Retro Spins: The Goonies

The Goonies is a timeless classic, and yet it's funny how my perspective of watching has changed from that as a kid to an adult. For those of you who remember the film as vividly as I do, picture if you will the scene where Mama Frutelli shoes the kids out of the restaurant, slamming the door behind them. She rests her back against it and mutters, "Kids suck." As a child, I would always shout at the TV, "Hey, screw you, lady!" As an adult, I can't do anything other than shake my head in agreement and proclaim, "Boy, you said it, lady." Funny how time changes us.

The Goonies, a tightly-knit band of misfit youngsters, are breaking up. With greedy developers about to raze the neighborhood, the kids spend a final drizzly morning together, trying to find a way to say goodbye. Instead, they find a real honest-to-gosh 17th century pirate map - and set out on a dazzling, day-long quest for treasure rich enough to save all their homes.

The Goonies follow the map (and their dreams)...and enter a fabulous subterranean world filled with caverns, crooks, skeletons, booby-traps, a magical, moldering pirate ship and marvelous milquetoast of a monster (ex-Raider football star John Matuszak who has swivel piglet ears and a face only Dr. Frankenstein could love.

Steven Spielberg (creator of E.T. - The Extraterrestrial, the Indian Jones films, Gremlins, Back to the Future and other blockbusters) and Richard Donner, director of Superman, Inside Moves and Ladyhawke) combine their cinematic wizardry to create The Goonies, "The Goonies 'R' Good Enough" sings Cyndi Lauper in the film's title song...and you'll agree because The Goonies is part Hardy Boys, part Treasure Island, part Our Gang and 100 percent adventure! - Back cover of the original VHS

Cyndi Lauper does indeed sing "The Goonies 'R' Good Enough", but is the soundtrack?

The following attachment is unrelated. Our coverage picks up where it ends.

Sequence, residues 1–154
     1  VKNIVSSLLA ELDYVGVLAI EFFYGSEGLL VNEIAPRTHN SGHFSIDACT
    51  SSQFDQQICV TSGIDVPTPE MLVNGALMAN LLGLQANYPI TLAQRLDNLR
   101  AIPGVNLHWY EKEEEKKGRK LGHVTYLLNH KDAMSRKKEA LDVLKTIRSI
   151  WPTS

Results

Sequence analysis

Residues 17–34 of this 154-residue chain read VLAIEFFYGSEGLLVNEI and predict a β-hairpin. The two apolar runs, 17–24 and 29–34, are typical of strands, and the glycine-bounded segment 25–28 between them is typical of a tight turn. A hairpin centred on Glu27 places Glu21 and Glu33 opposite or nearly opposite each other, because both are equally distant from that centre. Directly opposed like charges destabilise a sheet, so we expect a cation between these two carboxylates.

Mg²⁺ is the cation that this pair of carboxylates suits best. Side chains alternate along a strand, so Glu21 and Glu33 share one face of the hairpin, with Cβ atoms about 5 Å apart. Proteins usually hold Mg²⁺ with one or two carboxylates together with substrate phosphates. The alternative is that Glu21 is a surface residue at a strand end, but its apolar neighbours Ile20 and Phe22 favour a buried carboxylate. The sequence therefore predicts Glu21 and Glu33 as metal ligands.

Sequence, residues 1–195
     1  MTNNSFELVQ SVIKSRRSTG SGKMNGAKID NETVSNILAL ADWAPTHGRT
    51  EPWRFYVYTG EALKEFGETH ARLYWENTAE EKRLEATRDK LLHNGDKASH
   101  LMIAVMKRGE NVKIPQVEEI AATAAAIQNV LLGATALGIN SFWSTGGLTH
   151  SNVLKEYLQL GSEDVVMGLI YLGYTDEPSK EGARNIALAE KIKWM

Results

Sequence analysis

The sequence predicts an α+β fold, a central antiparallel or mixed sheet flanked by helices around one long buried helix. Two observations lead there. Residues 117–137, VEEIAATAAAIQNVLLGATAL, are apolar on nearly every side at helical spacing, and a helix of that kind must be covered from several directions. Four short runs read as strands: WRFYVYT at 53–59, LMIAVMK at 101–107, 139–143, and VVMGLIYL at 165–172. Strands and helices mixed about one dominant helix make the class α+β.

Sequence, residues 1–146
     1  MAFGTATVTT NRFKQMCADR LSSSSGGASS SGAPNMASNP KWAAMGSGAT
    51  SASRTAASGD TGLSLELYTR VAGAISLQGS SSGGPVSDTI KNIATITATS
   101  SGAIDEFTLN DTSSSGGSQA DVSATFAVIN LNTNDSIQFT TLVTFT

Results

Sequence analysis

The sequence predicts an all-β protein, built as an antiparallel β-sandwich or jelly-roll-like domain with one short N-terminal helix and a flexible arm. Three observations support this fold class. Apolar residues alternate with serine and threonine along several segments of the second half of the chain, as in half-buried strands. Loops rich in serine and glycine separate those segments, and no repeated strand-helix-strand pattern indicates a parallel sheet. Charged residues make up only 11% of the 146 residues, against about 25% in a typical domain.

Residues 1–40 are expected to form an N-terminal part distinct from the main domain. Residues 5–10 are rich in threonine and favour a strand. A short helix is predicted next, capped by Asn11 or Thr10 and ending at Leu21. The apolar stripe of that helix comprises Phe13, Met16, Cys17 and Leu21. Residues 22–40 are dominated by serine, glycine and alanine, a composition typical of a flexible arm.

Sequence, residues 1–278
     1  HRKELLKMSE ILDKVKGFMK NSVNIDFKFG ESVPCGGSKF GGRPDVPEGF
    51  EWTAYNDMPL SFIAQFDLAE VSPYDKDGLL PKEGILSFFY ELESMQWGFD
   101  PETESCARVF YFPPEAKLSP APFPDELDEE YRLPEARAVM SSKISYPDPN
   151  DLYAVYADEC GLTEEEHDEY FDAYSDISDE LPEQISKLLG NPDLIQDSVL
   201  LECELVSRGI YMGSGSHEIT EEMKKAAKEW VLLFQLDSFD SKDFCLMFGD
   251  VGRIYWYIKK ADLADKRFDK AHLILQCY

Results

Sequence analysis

Thank you for reading. Goodnight.

I kid, but unfortunately not about the album being any good.

It's a pretty big thud for such a monumental film. Cyndi Lauper's above mentioned track is decent, or, "good enough", if you will. However, let's be honest. It's by no means her best material. Nor is it a top ten hit.

This is disappointing as this album is not easy to track down in CD format, neither is it necessarily cheap. You'll easily spend between $30.00 and $50.00 for the few which appear on ebay here and there.

Overall, the soundtrack is like a sandwich. It starts with Cyndi Lauper's track as a nice piece of bread, and finishes with the instrumental theme from Dave Grusin as the second piece of delicious bread. Unfortunately, in between said bread is a bunch of moldy meats and cheese with soggy vegetables and out of date condiments.

This is quite a bummer because it's not like this album is packed full of a bunch of random no name bands. It's got the likes of Philip Bailey, The Bangles, REO Speedwagon, Luther Vandross and Joseph Williams (who would later join Toto, and is the son of composer John Williams). These are not nobodies in the realm of 80's mainstream music. Cyndi Lauper even has a second track on the album, but it's nothing to write home about. It's as if the producers went to all of this trouble to find some of the hottest names of the 80's, but none of them wanted to bring their "A" game to the project.

Now that I've totally stepped all over the soundtrack, let me be fair to one track which gets an honorable mention. Teena Marie's 14K is a pretty good track. In fact, it may be better than The Goonies 'R' Good Enough. Glaringly omitted from the soundtrack is the on the edge of your seat opening queue, Fratelli Chase, where the family break brother Jake from prison and lead the police on a chase across town, introducing us to most of The Goonies in the process.

I proclaimed a couple Retro Spin posts ago that I was having a lot of fun with this year's albums. After The Lost Boys, and now, The Goonies, I'm starting to get a little bored of it all. I need to dig deep and find a good soundtrack to get me back on a positive mindset.

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